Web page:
I am a pacifist. I think violence brings harm to the soul and that life with God is meant to be life lived with trust, confidence and peace. But that does not mean I view death or even suffering as evil. For one thing, death is not the end. If there is one major lesson I can recommend to people concerning Jesus actions on earth, it is that after death, there is more! So if people die, yes it is sad for us who lose them, and yes we may feel that they are “missing out” on the lives they could have continued. But if it is not the end… well, God sees all this better than we do, right?

    I appreciate C.S.Lewis’ thoughts on these issues, especially in “the Problem of Pain.”

    So, yes, there is a sense that God’s ways are higher than our ways, but I do not think that means that God is able to do just anything, and then we must be forced to call it good. God is free to be himself, as others have already said, and in being himself he will conform to the highest standard of Good, which is also himself. It is up to us to carefully and humble discern what that good is. I believe our reason must play a pivotal role: in fact whether we like it or not, it will place the ultimate arbiter for our discovery of God’s purposes.

    Back to the example question, if we hear a command from God to kill another human, then our Reason should, and no doubt _will_ be the deciding factor. We either reason that God has said it and we must do it, or we reason that God has not said it or God has said something else. If we must subject our decisions to our Reason, we should humbly begin to perfect our Reason as well as we can through prayer and diligence. In the end, we will have to subject the words of a text to that same reason, and though we may get it wrong, we should trust in a God who is not only Good, but who is also actively involved in the world he created, to help us do so.

  • Randy

    Amos @1 – Richard Mouw at Fuller wrote a book about DCM (in his career as a philosopher), as did Robert Adams (loaded with modal logic, as I recall) and the late Philip Quinn. These are serious and sophisticated contemporary philosophers as well as Christians. The older lineage is more distinguished even if our average person in the pew holds a too simple a view.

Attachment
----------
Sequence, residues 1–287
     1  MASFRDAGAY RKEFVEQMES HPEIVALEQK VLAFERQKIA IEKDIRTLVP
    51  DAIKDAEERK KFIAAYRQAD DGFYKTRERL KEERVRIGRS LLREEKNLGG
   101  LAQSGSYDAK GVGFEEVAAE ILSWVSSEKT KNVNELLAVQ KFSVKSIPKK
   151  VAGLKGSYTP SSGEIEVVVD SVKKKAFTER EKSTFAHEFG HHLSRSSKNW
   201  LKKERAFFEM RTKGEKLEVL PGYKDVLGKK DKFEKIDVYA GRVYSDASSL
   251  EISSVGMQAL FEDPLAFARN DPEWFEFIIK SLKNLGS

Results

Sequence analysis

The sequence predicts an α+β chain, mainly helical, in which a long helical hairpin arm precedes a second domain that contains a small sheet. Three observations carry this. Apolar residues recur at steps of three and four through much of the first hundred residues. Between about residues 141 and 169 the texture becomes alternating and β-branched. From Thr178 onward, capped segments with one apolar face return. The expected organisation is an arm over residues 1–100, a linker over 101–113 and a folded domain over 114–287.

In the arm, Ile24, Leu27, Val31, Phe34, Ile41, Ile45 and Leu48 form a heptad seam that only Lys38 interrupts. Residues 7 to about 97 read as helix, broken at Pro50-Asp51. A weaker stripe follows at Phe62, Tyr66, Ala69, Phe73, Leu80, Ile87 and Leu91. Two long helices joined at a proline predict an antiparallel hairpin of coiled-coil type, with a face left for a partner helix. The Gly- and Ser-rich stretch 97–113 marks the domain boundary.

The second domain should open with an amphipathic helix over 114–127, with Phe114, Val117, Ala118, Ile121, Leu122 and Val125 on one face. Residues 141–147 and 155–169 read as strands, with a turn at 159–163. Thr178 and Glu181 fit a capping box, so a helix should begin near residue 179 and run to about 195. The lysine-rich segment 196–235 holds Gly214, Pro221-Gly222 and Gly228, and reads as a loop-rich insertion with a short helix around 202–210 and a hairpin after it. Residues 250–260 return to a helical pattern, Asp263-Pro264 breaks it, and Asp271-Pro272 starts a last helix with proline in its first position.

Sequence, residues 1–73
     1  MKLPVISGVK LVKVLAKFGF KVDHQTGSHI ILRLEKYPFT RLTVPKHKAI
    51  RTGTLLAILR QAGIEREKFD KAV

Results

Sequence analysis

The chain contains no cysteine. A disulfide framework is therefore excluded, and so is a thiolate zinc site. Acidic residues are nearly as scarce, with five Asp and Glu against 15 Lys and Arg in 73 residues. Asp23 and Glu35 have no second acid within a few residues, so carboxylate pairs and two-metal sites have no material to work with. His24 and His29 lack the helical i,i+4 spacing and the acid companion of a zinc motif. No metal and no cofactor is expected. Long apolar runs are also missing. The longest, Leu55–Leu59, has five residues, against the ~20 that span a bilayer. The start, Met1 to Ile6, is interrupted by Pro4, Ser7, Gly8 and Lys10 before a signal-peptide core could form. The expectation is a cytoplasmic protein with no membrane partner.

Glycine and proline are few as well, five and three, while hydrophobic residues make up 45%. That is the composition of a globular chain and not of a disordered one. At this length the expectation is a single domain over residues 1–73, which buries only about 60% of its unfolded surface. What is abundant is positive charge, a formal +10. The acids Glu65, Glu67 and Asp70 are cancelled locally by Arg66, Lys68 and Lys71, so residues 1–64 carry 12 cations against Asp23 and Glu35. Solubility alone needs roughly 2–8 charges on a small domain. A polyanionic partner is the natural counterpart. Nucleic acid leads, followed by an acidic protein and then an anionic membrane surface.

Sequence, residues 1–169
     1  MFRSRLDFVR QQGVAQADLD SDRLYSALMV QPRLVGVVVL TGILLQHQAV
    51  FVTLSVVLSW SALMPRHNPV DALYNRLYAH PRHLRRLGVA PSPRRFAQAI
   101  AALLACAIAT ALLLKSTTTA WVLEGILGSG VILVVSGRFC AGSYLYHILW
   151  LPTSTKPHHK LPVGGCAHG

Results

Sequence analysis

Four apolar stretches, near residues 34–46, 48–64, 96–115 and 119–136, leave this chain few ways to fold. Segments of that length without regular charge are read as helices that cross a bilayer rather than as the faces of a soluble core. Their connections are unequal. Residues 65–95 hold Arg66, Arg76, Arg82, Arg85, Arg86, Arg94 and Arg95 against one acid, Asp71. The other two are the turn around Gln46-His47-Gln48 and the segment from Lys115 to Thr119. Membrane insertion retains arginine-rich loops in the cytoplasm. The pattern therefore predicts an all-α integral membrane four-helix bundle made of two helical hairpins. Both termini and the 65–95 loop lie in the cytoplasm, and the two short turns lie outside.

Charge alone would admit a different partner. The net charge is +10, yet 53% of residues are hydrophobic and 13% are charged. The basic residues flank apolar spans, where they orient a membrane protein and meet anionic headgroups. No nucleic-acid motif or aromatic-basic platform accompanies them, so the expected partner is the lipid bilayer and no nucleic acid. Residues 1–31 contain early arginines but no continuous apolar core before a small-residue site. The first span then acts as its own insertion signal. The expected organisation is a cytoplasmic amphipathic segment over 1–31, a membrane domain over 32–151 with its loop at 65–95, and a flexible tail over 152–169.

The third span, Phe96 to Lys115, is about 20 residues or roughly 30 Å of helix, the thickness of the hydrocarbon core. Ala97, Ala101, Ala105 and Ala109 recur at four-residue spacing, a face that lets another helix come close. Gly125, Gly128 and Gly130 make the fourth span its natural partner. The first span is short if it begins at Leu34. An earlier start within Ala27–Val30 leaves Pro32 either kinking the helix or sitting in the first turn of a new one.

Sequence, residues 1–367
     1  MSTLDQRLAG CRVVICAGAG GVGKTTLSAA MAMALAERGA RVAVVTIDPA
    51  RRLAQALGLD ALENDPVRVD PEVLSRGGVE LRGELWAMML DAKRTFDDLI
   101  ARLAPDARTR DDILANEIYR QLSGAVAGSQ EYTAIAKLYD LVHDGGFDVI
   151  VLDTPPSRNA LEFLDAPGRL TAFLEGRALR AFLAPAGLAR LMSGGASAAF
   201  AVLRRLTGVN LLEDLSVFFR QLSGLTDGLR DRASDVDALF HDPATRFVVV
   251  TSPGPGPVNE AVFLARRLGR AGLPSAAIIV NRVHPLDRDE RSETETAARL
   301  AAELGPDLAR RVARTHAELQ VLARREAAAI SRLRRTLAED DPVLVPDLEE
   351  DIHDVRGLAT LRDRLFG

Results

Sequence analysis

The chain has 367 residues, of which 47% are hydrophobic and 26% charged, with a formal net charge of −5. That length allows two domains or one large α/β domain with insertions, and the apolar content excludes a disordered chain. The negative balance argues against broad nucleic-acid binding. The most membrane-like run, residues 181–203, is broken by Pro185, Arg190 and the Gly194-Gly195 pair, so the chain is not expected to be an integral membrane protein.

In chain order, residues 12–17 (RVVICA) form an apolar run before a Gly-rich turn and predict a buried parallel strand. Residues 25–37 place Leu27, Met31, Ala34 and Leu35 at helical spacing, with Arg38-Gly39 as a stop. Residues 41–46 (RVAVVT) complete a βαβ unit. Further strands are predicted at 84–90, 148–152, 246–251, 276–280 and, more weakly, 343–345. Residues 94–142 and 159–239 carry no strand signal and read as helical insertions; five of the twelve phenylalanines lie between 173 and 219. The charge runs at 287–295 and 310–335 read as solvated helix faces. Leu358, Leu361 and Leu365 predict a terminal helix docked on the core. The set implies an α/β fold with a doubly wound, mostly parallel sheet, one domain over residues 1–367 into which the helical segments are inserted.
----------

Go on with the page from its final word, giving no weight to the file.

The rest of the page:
• DerekMc

    Greg,

    This is an expanded edition with two new chapters dealing with evolutionary ethics and narrative ethics.

  • http://www.mandm.org.nz Madeleine

    Amos Paul one of the “serious ethicists” I am aware of who write in defence of Divine Command Theory is my blogging partner Matthew Flannagan. You can read the material on our blog on the topic here – this link should take you to 4-5 pages of links of his work on DCT – and whilst visiting if you click on his profile you’ll be able to see citations to his published works on the topic – thought he has a few forthcoming publications on DCT that are not listed on our blog

    I am aware of quite a few Divine Command Theorists:
    William Alston, William Lane Craig, Robert Adams, John Hare, Glenn Peoples, C Stephen Evans, Philip L Quinn, Edward Weirenga, Janine Marie Idziak, William Wrainwright, William Mann, Thomas Carson Value, Alvin Plantinga, William Paley, John Locke, Puffendorf – that is just off the top of my head.

    It is a serious position that serious scholars do hold to and defend in the literature today and it cannot just be written off or caricatured (as it commonly is in much literature).

  • Amos Paul

    Madeleine,

    While I respect that you want to point out some serious, Christian ethicisits that explicitly contend for DCT (though I was also referring to *contemporary* ethicists)–it is at this point that I think it’s necessary to know what you *mean* by DCT.

    For instance, William Lane Craig is an excellent example of someone using DCT language… but Craig, insofar as I understand him, also says that goodness is an objective thing constituted in God’s nature. This is not something God can violate. God’s commands, then, form moral duties for us because they are indicative of that objective nature that is goodness.

    Now, I personally wouldn’t call this DCT. In my view, DCT is the assertion that morality and goodness and *entirely* contingent upon the commands of God. Asserting that the commands of God, though, are themselves contingent upon some objective nature that is good which those commands cannot violate is directly opposed to this notion.

    Moreover, Plantinga is a great example of someone who believes in *logical* constrainst of God. Plantinga argues that if the structure of any truth is necessarily true, then that truth is outside of God’s control. He says, for example, “such entities exist eternally and [at the same time] depend upon God for their existence. Thus it is not that God created the numbers, but we might think rather that he eternally affirms their necessary existence.”

    Goodness is something that Plantinga says God eternally confirms. Goodness has necessary and objective truth. Similarly, this is also in direct contradiction to the definition of DCT that I accept.